European low-cost behemoth Ryanair is preparing to slash jobs as it contemplates cutting flights next summer due to the grounding of its Boeing 737 MAX fleet.
Ryanair boss Michael O’Leary has sent a video to workers warning that the airline has 900 too many pilots and cabin crew and that an unspecified number of redundancies would be announced by the end of August.
Other factors affecting the low-cost carrier include falling profits due to fare wars and the uncertainty around Brexit.
O’Leary said he would do his best to minimize jobs losses.
The BBC has seen the video and quoted O’Leary as saying: “It’s been a challenging summer, we’re facing a very difficult winter.
“I’m sorry to advise you that this means we need to cut our aircraft numbers and our staffing, not just for summer 2020 but also in winter 2019.
“This will result in some base cuts, some base closures, and I’m very sorry to say, some job losses this winter for pilots and cabin crew, at the end of our summer schedule in September and October, and also some immediately after Christmas.”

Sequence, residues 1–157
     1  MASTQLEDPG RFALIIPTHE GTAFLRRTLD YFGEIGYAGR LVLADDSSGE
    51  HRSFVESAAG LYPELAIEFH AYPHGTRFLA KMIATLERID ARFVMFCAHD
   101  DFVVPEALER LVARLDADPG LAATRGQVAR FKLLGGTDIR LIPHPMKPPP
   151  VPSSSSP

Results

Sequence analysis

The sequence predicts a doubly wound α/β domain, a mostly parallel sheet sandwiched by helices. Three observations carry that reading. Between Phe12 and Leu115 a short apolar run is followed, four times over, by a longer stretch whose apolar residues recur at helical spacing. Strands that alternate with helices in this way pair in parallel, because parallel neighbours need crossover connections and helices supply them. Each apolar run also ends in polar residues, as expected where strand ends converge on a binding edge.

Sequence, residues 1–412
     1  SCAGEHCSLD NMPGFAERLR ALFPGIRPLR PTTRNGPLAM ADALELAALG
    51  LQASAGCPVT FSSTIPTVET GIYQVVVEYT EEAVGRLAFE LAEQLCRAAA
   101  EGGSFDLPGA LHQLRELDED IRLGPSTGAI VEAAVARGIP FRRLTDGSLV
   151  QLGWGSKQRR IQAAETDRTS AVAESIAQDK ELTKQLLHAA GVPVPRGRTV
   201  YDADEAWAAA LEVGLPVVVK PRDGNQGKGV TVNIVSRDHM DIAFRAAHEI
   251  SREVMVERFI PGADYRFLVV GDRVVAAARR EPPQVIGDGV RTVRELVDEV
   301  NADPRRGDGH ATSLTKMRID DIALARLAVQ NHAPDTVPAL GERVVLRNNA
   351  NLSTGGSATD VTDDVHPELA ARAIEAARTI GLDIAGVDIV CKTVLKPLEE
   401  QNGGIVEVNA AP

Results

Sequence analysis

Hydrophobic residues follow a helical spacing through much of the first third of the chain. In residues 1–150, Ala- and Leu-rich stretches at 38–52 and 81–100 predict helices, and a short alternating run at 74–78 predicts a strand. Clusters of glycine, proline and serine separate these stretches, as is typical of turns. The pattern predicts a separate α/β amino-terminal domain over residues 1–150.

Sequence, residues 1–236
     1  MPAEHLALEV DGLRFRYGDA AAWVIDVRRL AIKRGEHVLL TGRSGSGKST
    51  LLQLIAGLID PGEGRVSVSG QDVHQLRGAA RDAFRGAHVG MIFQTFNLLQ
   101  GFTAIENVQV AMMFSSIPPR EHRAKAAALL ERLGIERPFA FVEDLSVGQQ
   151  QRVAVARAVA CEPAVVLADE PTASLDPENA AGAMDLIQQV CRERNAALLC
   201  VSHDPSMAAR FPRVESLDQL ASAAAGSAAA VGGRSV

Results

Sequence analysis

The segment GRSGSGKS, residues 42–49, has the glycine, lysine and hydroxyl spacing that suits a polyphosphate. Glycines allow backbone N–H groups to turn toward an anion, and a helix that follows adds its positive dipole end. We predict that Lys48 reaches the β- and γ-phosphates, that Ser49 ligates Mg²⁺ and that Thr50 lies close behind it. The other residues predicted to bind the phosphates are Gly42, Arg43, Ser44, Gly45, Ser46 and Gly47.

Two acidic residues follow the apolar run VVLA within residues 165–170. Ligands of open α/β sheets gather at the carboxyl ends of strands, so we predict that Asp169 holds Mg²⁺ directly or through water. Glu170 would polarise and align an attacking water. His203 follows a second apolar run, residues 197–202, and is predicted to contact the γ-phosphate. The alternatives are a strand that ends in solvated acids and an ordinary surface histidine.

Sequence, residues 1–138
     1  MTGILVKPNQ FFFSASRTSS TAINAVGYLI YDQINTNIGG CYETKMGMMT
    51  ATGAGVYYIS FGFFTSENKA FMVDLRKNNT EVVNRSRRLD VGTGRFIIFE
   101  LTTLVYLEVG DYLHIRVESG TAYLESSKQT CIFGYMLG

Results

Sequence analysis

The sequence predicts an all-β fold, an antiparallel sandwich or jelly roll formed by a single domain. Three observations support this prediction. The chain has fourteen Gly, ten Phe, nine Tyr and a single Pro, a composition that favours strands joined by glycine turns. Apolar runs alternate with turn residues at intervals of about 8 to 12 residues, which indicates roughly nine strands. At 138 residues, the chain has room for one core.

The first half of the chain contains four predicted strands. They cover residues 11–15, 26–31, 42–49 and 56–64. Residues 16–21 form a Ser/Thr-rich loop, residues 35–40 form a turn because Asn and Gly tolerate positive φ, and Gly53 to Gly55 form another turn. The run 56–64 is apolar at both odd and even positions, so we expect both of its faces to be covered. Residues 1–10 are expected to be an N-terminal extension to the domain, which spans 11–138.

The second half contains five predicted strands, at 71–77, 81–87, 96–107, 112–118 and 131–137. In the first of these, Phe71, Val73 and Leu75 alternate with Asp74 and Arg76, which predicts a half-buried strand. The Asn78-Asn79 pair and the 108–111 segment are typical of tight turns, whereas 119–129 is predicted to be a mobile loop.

The Ryanair chief said the 737 MAX grounding had delayed the delivery of 28 planes and forced the airline cut flights and close bases.
He was also worried a no-deal Brexit could have a damaging impact, particularly on the airline’s UK and Irish bases.
Ryanair on July 29 reported a 21 percent fall in first-quarter profits to €243m as average fares fell 6 percent.
This was despite strong ancillary revenues and 11 percent traffic growth to 42 million passengers.
The airline said the delivery of its first five Boeing 737 MAX aircraft had been delayed from the first quarter “to probably January at the earliest”, subject to European regulatory approval.
It warned the reduction in MAX deliveries was expected to cut its growth rate from 7 percent to 3 percent.